Benjamin Y. Dixon, Ph.D.
Thomas Publications, 144 pp., 2007, $9.95
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When first studying the Official Records for the Gettysburg Campaign, any student may seem overwhelmed by the amount of information contained in those three volumes. The main question which beginners and even some learned students have is where to begin when studying a specific area of the battlefield. Which reports and correspondence do you use to learn more about what happened at the Oak Ridge? Or Little Round Top? Thankfully, this book lends itself to that very idea guiding readers and students to the specific areas of the books which correspond to the parts of the battlefield. In this reference book, Benjamin Dixon has done a great service to Civil War students everywhere.
While Dixon gives some narrative at the beginning of each chapter and section of the battlefield, the main meat of the book comes in the cross referencing of the reports. For example, when talking about the morning actions of the First Day of combat, he sorts the reports out by the opening of battle then moves to the Iron Brigade Defeats and Captures General Archer and then moves to Reynolds Woods and Reynold’s Death. Some of these reports may appear more than once in the separation of action showing that the person involved was at numerous events in the area at hand. General Doubleday reports in both the Iron Brigade Defeats and Captures General Archer and Reynold’s Woods and Reynold’s Death. The creation of tables and events such as this gives the student and scholar of Gettysburg a great starting point to their studies. One such area of difficulty which has stunned some early Gettysburg students is that some commanders and regiments did not write reports for the campaign. Many of the German speaking officers from General Schimmelfennig’s and Coster’s Brigade did not write reports, but some of the regiments did supply their correspondence and writings. But here in this book, there is a reference to where some of the writings are in the three heavy volumes of the Official Records. Not only does Dixon work out the three days of combat, but there is some background information which is referenced in the records and there are also chapters on the aftermath, miscellaneous events and incidents and quotes from soldiers. This gives a comprehensive collection of the close to 2,100 pages of the records.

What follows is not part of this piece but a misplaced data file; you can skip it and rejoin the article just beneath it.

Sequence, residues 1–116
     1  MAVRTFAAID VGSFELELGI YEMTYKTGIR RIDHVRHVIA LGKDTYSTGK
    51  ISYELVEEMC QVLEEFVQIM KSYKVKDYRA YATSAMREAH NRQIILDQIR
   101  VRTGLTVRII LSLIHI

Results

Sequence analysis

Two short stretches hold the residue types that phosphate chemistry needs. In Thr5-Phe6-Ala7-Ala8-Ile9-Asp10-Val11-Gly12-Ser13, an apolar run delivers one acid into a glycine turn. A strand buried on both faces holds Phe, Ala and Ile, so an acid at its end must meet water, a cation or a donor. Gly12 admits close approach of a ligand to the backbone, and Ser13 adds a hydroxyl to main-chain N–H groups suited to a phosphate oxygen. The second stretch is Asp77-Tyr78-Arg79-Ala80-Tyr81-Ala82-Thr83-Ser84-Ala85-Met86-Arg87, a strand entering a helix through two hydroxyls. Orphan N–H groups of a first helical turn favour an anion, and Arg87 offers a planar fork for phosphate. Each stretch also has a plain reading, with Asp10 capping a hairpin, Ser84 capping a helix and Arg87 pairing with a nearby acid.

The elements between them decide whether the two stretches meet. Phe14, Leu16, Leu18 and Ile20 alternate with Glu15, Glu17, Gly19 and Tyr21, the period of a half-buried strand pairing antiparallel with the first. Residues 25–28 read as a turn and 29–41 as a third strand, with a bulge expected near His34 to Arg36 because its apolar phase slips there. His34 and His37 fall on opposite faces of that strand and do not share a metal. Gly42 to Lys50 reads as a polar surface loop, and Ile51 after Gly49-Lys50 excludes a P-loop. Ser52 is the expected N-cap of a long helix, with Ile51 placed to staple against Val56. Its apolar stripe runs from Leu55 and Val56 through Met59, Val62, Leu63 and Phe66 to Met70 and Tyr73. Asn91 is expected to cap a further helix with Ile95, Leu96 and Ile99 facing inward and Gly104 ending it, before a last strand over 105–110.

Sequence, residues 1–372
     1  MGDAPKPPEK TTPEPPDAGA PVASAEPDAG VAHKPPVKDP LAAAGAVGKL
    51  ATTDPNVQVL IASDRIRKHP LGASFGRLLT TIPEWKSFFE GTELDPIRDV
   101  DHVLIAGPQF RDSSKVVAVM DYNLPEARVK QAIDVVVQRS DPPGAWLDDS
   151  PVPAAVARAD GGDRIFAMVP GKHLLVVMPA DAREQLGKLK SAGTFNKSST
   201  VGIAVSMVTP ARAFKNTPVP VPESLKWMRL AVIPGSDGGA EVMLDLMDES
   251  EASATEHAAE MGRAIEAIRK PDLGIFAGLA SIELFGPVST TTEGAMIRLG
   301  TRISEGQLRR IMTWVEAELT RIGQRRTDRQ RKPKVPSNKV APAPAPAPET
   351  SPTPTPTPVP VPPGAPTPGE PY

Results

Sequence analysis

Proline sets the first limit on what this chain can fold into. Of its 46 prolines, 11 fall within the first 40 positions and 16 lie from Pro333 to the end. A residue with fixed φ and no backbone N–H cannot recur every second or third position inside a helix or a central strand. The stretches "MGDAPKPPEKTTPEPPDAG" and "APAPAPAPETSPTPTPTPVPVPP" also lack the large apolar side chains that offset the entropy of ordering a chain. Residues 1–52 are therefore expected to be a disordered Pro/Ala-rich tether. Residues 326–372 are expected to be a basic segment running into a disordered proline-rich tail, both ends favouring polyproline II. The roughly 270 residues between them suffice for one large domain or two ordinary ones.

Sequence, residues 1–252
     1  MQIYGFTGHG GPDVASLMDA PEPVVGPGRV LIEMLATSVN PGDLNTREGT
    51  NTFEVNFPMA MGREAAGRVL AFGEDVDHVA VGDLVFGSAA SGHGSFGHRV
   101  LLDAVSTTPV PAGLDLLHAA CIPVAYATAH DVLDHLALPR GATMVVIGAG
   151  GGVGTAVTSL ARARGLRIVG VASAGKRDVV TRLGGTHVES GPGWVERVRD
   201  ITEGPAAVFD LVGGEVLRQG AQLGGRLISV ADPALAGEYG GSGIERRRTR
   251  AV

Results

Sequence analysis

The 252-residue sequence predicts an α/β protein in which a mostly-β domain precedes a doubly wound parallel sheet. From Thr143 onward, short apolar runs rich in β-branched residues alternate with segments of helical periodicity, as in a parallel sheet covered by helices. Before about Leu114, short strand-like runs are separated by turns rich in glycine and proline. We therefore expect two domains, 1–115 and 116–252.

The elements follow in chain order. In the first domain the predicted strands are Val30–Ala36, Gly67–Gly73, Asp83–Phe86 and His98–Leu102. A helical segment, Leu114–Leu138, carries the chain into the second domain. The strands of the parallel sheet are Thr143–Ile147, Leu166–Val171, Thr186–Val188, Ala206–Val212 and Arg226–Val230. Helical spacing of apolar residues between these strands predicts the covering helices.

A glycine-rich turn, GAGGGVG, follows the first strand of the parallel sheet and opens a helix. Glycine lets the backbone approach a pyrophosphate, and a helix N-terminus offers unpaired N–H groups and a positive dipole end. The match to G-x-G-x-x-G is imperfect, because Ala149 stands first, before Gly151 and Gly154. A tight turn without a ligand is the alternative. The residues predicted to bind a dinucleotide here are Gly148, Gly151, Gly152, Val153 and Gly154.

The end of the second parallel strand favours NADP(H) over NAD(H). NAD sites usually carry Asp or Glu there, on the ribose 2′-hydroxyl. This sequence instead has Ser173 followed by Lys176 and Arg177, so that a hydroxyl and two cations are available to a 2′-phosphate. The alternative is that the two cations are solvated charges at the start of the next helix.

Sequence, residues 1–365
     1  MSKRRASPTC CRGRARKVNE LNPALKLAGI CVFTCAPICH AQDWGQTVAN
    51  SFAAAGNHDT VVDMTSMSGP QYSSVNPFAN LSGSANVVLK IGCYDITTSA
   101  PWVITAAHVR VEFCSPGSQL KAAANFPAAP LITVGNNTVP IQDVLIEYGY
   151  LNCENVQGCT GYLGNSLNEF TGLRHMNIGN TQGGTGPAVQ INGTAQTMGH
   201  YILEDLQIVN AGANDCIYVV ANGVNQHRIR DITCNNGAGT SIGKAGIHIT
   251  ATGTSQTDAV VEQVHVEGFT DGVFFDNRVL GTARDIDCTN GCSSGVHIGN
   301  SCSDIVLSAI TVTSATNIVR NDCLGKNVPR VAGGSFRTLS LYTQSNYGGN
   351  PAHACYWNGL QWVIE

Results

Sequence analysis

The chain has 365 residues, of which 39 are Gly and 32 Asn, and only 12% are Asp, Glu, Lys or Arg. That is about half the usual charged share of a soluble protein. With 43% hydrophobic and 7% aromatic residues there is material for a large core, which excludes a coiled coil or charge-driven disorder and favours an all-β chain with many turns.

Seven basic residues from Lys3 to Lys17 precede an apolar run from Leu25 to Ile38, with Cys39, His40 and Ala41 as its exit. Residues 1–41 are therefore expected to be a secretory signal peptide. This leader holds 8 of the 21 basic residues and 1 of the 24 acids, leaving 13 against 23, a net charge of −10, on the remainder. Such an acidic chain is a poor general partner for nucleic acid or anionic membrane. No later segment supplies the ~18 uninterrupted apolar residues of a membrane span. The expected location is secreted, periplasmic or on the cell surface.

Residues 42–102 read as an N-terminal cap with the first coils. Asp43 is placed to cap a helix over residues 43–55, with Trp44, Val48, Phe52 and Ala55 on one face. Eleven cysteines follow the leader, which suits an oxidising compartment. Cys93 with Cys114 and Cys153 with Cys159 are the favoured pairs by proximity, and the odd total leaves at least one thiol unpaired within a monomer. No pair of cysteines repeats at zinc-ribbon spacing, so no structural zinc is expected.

I highly recommend this book to anyone who is studying the Battle of Gettysburg and is having a hard time wrangling the Official Records. While the records themselves are organized into the corps level, it does not help in the study of the sections of the battlefield. Here in this book, we get a better idea of what to look for and where to find it. Dixon should be praised for creating a great reference book that should be owned by every Gettysburg historian and student.